This is quite a touchy subject for me. As you may or may not have seen, #15 on my Things to do Before I Die list is to find a best friend who will last forever. I’ve had many best friends in my life, pretty much because I’ve moved so much. But those are stories for another time (for my memoir, to be exact). Long story short, and without going into details, I haven’t had a best friend in eight years.
But we’ll get back to that.
A little over a month ago, I was watching The Talk, and they brought up the topic of best friends. I don’t remember the exact citation, but there apparently was a study or some important guy who posited that adults didn’t need best friends anymore because their partners should serve the function that a best friend does.
Some of the panel agreed, some didn’t.
My take? Well, obviously, because I put it on my bucket list, I still think having a best friend is important. Don’t get me wrong; I do consider my husband as my best friend in many ways. He knows everything about me, we have inside jokes, and we spend the majority of our free time with each other. He provides me with many important best friend-like duties. I’ve laughed and cried with him and we’ve discussed things that bother us. It’s a greatly symbiotic relationship. For all intents and purposes, he is a best friend to me.
But there is still a hole in my life that a best friend should fill. Gruffy doesn’t like to talk for hours on end; all my best friends did. And I can’t necessarily talk about my husband TO my husband. That’s just weird. I need someone to do girly things with, to talk about fashion with, and to discuss reality TV with. I want to go out dressed to the nines for no good reason at all except to look good karaokeing. Someone to do crafts with. That’s definitely not my husband’s job, and there’s no way I would force him to make that his job. I do respect him, after all. 😉
I’ve gotten the whole speech from hubby where he says, “Well, if it hurts you so much that you don’t have a best friend, why don’t you just work harder with the friends you have to turn them into your best friend? Or go out there and find someone new to be your best friend.”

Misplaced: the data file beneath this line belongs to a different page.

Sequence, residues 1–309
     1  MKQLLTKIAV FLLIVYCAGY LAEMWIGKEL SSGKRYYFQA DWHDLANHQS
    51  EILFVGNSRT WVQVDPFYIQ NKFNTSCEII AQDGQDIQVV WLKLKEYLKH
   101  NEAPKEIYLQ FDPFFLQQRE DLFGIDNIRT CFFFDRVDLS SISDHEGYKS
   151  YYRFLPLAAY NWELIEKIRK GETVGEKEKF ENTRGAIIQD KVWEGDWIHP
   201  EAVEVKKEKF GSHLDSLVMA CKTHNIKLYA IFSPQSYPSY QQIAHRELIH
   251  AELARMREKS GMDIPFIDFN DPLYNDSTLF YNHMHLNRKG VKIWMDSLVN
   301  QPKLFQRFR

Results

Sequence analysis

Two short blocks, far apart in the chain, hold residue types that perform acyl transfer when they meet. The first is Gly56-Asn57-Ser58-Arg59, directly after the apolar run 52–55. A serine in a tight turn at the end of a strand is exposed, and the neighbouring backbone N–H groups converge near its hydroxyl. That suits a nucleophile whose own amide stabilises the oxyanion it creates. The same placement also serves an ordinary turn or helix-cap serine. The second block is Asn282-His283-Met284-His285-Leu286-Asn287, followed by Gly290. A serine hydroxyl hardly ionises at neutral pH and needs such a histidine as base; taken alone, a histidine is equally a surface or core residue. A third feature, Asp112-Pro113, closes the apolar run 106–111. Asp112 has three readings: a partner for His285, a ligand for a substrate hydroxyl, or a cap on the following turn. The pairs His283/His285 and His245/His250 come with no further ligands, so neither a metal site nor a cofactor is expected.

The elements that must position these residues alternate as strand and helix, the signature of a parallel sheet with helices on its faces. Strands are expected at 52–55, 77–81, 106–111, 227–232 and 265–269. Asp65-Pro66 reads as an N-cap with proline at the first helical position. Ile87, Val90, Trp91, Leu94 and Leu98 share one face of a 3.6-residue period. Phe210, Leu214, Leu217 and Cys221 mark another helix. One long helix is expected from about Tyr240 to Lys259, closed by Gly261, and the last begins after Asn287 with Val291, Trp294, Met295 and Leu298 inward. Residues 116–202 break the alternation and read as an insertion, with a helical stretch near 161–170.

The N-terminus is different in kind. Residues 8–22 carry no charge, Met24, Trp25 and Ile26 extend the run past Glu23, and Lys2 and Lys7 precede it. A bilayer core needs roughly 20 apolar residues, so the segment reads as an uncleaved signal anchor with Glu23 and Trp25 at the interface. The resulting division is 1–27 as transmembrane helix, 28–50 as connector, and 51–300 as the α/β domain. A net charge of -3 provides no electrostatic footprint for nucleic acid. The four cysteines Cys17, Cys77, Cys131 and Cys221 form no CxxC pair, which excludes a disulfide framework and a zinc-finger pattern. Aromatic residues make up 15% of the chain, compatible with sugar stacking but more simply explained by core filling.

This poses several problems, though, and I’ve mentioned them to him. For one, most of my friends already have a best friend. Sure, one can have more than one best friend, but I’m not gonna be all, “Hey, can I be your best friend, too?” That’s just tacky. And awkward. And I have more respect for myself than that. For another, I view having a best friend much like finding a boyfriend or girlfriend. Not just anyone who wanders into my life can be a best friend. I have standards. I also have that semi-sugary-optimistic view of best friends that people have about “the one”: I just know if they’re my best friend or not. Best friends are like soulmates to me–something natural, something I shouldn’t have to work hard to find. It should be a very easy thing that just happens, not something that is forced.
So, looping back to the beginning, yes, I think best friends are necessary. As I’ve said, I haven’t had one in eight years, and I feel much like a single person (I have to make the distinction that it’s a single person who doesn’t like being single, because there are actually some single people who love being single) who sees couples everywhere being all lovey-dovey and they’re not. I get insanely jealous of those with a best friend, and I physically ache when people talk about their best friends. Just recently, when I went out with a friend of mine to a Girls Night Out to get our hair curled, the hairstylist, just trying to make polite conversation, asked a loaded question:
“So are you guys best friends?”
Ouch, my brain and heart replied. For a split second, I felt like someone had punched me right in the chest, but I quickly recovered and slapped a smile on my face.
“She’s a good friend of mine, but her best friends live in another state.”
Whew. Now that wasn’t so hard, was it?
Oh, but it was. Every time I think about it too much, it really gets me down.
Some people might say that I feel this hole because my husband isn’t being a good enough friend to me to fill that void. Perhaps they’re right, but like I mentioned above, there are some things I look for in a female best friend (or a really awesome gay bestie) that my husband could never provide for me, and I would never expect him to.
What do you guys think? Is your partner your best friend–a good enough best friend to not require a separate best friend? Do you differentiate between a best friend title and partner title (as far as their “job descriptions”)? Do you think people outgrow the need for a best friend as they move into adulthood? If you’re single, is having a best friend enough, or do you long for a partner to fill that “ultimate best friend” title, one that will replace your current best friend? I’d love to know in the comments below.
For now, I’d like to provide you with a picture of my current best friend–besides my husband, that is. 🙂
To Friendship and All the Love and Laughter they Provide,